Effects of CSO Basin Discharge on River Water Quality
Abstract:The water quality of the Iron Mountain/Kingsford, Michigan's combined sewer overflow events and the impacts of the overflow on the water quality standards of the Menominee River are presented in this paper.
The Menominee River is a major scenic and recreational river and is also the boundary between the state of Michigan and the state of Wisconsin. It flows along the southern edge of the Iron Mountain-Kingsford sewer service area. Forty CSO overflow events occurred during the years 1994 through 1997. Four of the overflow events occurred during the impact evaluation period between June 15, 1997 and October 13, 1997. In-stream monitoring established conditions in the river during and after discharge events. Water quality data of the overflows, and water quality upstream and downstream of the CSO Basin discharge are evaluated.
Water quality monitoring probes in the Menominee River upstream and downstream of the CSO Basin discharge collected dissolved oxygen, temperature data of the river at fifteen-minute intervals throughout the study period. Grab sample data from the effluent of the CSO Basin during each discharge event was collected. Data evaluated presented and include the following parameters: DO, BOD, TSS, TKN, Ammonia N, Nitrate N, Nitrite N, P, Cd, Cr, Cu, Ni, Pb, Zn, Hardness, Temperature and Total Organic Carbon.
Based on the data collected and the results presented in this paper, the overflow from the CSO retention basin does meet the Michigan Water Quality Standards during the overflow discharge events. The results of the evaluation presentation indicate the combined sewer overflow retention basin provides at least the equivalent of primary treatment and the overflows are disinfected.
The results of the evaluation presented demonstrate the annual load of suspended solids and BOD from the basin overflows are insignificant compared to the background characteristics of the Menominee River upstream of the CSO outlet. The data presented in this paper also demonstrate the overflows from the combined sewer retention basin has little, if any, effect on the sediment oxygen demand in the Big Quinnesec flowage of the Menominee River. Data and information further demonstrate the total load of pollutants discharged from the CSO Basin during the duration of each discharge are insignificant compared to the total load in the river for that same time period.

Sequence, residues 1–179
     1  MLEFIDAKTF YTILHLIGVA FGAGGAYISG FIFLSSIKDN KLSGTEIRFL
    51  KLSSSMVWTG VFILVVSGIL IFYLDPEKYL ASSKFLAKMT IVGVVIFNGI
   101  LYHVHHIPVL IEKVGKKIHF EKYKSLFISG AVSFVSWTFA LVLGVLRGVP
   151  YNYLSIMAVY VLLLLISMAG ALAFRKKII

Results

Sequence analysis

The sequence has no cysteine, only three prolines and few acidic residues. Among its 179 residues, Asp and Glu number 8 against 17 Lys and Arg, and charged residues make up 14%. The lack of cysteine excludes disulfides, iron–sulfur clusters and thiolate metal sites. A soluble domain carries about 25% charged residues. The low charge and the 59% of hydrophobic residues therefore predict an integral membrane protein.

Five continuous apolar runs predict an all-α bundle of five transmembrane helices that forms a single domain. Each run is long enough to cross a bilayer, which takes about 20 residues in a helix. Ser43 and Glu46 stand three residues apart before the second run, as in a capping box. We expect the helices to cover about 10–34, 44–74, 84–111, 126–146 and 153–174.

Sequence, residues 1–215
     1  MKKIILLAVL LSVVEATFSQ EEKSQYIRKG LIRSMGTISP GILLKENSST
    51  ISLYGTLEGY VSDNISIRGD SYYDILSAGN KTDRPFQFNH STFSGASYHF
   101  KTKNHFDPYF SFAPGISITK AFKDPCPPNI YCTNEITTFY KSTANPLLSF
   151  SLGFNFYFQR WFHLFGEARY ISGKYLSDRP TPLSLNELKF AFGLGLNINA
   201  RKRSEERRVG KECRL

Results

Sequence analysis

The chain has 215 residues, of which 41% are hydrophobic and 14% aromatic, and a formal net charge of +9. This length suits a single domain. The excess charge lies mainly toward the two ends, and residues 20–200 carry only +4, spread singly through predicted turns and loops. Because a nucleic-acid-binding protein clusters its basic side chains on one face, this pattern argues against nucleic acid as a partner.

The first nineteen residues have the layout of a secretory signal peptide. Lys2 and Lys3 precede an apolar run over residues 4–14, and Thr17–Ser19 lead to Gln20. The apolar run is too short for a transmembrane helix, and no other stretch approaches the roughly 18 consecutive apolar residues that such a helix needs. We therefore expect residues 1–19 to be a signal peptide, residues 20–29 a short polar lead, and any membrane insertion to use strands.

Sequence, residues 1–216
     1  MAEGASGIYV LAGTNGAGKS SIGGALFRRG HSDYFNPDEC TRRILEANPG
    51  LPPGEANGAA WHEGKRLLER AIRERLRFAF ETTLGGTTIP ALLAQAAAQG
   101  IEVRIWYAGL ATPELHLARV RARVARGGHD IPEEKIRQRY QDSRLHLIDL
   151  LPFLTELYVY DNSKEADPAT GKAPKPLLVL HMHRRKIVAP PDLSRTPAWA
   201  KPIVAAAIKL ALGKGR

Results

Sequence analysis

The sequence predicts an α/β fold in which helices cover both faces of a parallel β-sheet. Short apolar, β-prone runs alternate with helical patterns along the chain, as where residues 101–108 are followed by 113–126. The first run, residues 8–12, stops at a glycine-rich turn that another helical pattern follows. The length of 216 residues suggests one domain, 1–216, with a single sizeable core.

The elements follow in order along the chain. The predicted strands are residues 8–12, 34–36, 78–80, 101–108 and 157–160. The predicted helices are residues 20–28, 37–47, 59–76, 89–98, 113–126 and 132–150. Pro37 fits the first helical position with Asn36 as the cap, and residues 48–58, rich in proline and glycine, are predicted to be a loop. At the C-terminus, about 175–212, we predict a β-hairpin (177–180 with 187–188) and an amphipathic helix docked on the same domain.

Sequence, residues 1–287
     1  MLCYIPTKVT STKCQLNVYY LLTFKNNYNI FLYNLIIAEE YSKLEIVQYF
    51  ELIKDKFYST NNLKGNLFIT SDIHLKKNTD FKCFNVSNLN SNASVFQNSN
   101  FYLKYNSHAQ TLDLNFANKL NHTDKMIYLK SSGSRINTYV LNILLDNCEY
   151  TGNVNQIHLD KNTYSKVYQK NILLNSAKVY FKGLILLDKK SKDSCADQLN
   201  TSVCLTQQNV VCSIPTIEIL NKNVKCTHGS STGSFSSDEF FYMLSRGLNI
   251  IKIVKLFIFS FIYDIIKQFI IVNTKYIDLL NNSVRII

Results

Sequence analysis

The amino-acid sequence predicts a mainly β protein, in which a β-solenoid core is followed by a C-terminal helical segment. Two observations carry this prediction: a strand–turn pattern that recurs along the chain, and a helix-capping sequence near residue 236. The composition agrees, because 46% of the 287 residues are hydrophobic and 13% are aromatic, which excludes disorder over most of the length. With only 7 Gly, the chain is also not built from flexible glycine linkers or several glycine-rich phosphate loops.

The results of the river monitoring demonstrate the dissolved oxygen at the monitoring point downstream does not go below the Menominee River water quality standards following discharge events. The data collected, analyzed and presented in this paper demonstrate dissolved oxygen at the monitoring point downstream of the outfall did not fall below the Menominee River standards following discharge events. The results presented in this paper demonstrate the CSO overflow events had little, if any effect on the downstream dissolved oxygen concentrations.
Mass balance calculations to demonstrate overflow discharges meet the Rule 57 values for cadmium, chromium, copper, lead, nickel, and zinc after mixing with 1/4 of the actual Menominee River flow during an overflow event. The mass balance calculations demonstrate the combined sewer discharges comply with the effluent-based water quality effluent limits for toxic substances. The information presented within the paper, demonstrate the CSO effluent concentrations fall well below the requirements of Rule 57.
In summary, this engineering paper presents the results of the water quality sampling of the CSO Basin overflow and Menominee River. The paper also provides an evaluation and analysis of the effects of the CSO Basin overflows on the physical and chemical characteristics of the water quality of the Menominee River. It demonstrates the water quality standards are not violated due to overflow events from the Iron Mountain-Kingsford combined sewer overflow retention basin.
Document Type: Research Article
Publication date: January 1, 2000
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